Title: American Gods
Author: Neil Gaiman
Publisher: William Morrow
Publication Date: 6-19-01
Genre: Adult fiction, Fantasy, Mythology
Shadow gets out of prison early when his wife is killed in a car crash. At a loss, he takes up with a mysterious character called Wednesday, who is much more than he appears. In fact, Wednesday is an old god, once known as Odin the All-father, who is roaming America rounding up his forgotten fellows in preparation for an epic battle against the upstart deities of the Internet, credit cards, television, and all that is wired. Shadow agrees to help Wednesday, and they whirl through a psycho-spiritual storm that becomes all too real in its manifestations. For instance, Shadow’s dead wife Laura keeps showing up, and not just as a ghost–the difficulty of their continuing relationship is by turns grim and darkly funny, just like the rest of the book.
I’m not sure how to review this book. I somehow managed to slog my way through all almost-500 pages of this hefty novel and now I’m at a loss for words. My boyfriend recently read this and then convinced me that I “needed to read it,” as it had quickly became one of his all-time favorite reads. So, of course, being the dutiful and book-obsessed girlfriend that I am, I agreed. Plus, it was about time I read a Gaiman book, right? Well…I don’t know. Maybe my boyfriend and I just aren’t compatible when it comes to literature, but I could not get into this. If it wasn’t for the fact that he’d loved it so much, I probably would’ve decided to DNF it after about 100 pages.
The beginning of this story had so much promise. Shadow was interesting and Wednesday was mysterious. What’s going to happen with these characters? Where’s the story going? But then it went…nowhere. Although extremely well-written, this book meanders aimlessly around and doesn’t seem to have much of a plot or a point. And, maybe it’s just me, but it really bothers me when books do that. I want to be able to, at least sort of see where the book is headed. I want to have a direction, I don’t want it just to skitter around like a schizophrenic, polytheistic freak of nature.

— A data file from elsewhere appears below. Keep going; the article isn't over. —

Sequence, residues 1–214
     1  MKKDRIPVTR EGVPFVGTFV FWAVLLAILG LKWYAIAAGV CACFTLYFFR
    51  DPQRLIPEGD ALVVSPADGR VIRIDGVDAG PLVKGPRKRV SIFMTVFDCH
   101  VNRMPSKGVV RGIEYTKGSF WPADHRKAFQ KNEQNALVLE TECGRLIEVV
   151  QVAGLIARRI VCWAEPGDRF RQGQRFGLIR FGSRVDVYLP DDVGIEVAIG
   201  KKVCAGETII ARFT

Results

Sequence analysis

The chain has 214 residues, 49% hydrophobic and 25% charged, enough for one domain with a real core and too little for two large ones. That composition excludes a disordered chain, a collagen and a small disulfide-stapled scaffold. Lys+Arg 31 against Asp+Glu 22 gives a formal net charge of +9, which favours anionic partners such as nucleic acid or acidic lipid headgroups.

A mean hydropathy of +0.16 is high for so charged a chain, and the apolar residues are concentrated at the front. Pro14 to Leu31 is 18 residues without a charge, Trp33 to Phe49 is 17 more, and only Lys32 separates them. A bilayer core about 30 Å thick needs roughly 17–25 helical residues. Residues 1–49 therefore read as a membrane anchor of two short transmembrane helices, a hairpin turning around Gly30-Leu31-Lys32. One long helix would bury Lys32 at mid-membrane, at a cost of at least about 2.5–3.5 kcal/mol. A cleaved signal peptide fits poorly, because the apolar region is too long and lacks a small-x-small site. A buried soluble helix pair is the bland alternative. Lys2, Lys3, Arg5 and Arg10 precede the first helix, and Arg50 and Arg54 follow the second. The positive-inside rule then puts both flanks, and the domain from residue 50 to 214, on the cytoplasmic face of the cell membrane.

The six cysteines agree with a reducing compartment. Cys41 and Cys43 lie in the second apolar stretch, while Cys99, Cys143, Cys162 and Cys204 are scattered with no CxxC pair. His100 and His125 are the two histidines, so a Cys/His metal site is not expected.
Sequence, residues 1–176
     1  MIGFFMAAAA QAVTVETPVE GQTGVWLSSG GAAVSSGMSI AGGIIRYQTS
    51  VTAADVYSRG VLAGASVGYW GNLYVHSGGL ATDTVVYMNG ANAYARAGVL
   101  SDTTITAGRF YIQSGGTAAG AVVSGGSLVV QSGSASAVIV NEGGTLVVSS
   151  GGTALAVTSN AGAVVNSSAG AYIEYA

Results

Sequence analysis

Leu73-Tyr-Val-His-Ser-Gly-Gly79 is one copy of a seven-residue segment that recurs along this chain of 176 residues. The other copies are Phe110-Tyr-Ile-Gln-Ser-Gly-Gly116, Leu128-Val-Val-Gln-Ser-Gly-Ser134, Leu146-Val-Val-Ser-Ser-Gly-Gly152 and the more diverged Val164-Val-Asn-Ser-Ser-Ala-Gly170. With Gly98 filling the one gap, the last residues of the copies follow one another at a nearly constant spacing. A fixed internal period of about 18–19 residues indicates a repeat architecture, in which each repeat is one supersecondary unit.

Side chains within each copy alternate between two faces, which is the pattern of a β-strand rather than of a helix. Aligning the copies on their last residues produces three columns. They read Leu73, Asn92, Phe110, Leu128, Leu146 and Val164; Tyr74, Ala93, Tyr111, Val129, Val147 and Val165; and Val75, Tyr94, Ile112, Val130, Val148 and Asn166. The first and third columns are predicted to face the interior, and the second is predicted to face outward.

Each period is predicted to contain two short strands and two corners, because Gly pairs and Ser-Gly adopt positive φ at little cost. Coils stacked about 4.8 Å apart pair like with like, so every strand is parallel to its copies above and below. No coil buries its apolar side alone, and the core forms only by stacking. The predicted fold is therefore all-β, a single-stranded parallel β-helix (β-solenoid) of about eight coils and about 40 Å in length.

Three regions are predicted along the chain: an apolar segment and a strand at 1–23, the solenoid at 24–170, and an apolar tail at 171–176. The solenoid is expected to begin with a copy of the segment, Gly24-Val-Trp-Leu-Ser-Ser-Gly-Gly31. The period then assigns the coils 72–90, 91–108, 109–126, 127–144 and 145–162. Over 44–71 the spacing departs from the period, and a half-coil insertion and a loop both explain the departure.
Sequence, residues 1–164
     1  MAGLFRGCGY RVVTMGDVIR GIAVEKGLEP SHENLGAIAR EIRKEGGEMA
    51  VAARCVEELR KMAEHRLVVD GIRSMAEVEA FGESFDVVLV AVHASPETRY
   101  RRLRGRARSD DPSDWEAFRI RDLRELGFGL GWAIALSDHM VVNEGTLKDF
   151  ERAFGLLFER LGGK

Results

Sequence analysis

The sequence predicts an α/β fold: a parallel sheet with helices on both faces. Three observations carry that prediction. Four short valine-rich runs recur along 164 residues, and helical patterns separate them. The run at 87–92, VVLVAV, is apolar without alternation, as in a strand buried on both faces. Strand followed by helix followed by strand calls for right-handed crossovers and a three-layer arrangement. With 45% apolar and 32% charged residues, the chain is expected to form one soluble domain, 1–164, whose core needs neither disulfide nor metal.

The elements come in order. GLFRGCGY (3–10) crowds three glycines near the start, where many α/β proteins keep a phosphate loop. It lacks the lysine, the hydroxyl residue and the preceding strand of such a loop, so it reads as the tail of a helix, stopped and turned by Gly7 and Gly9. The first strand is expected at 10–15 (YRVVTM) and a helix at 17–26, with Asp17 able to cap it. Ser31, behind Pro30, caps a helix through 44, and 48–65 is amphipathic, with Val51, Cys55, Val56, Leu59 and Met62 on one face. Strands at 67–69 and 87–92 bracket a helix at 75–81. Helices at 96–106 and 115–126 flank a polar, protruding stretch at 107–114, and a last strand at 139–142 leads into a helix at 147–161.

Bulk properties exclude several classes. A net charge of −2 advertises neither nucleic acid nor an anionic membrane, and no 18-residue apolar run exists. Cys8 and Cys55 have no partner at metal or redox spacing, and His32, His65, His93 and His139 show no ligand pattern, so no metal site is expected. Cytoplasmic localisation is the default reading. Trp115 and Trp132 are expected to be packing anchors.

I spent this entire book in a near-constant state of utter confusion. The characters are blasé and emotionless, people are rising from the dead, perspectives are switching to random people like a British outlaw attacked by a leprechaun and a woman who can somehow swallow people with her vagina. I mean….WHAT?!
I want to believe that Gaiman is somehow a genius that I’m just not smart enough to “get.” But I majored in English Lit and I really tried to get into this book, so I have a bad feeling that it isn’t just me. In the end, things started to make a little more sense, but it was still all kind of pointless. When you’re writing a book entitled American Gods, it seems to me that your book should probably mean something. There should be a moral, a closing argument, or at least a punchline. But I snapped this book shut for the last time feeling more lost than ever. I’d hoped that the last few chapters would wrap it up in a way where everything would suddenly make sense. But nothing ever made sense, and I’m left wondering about the identity of certain characters, the state of the universe, and whether or not certain people are actually alive or not. And completely without an idea of what Gaiman was trying to get across with this…book.
Unfortunately, American Gods just wasn’t for me. And I’m honestly starting to wonder if the people who’ve given this book obscenely high ratings are just bibliophilic narcissists who are all pretending that they “got it” while I’m still sitting here scratching my head. But maybe the truth is that there is some underlying story behind this novel that I just couldn’t see through all the fuzz. I’m willing to give Gaiman another chance, but I think I’ll be switching to his YA fiction instead, as this was obviously way over my head.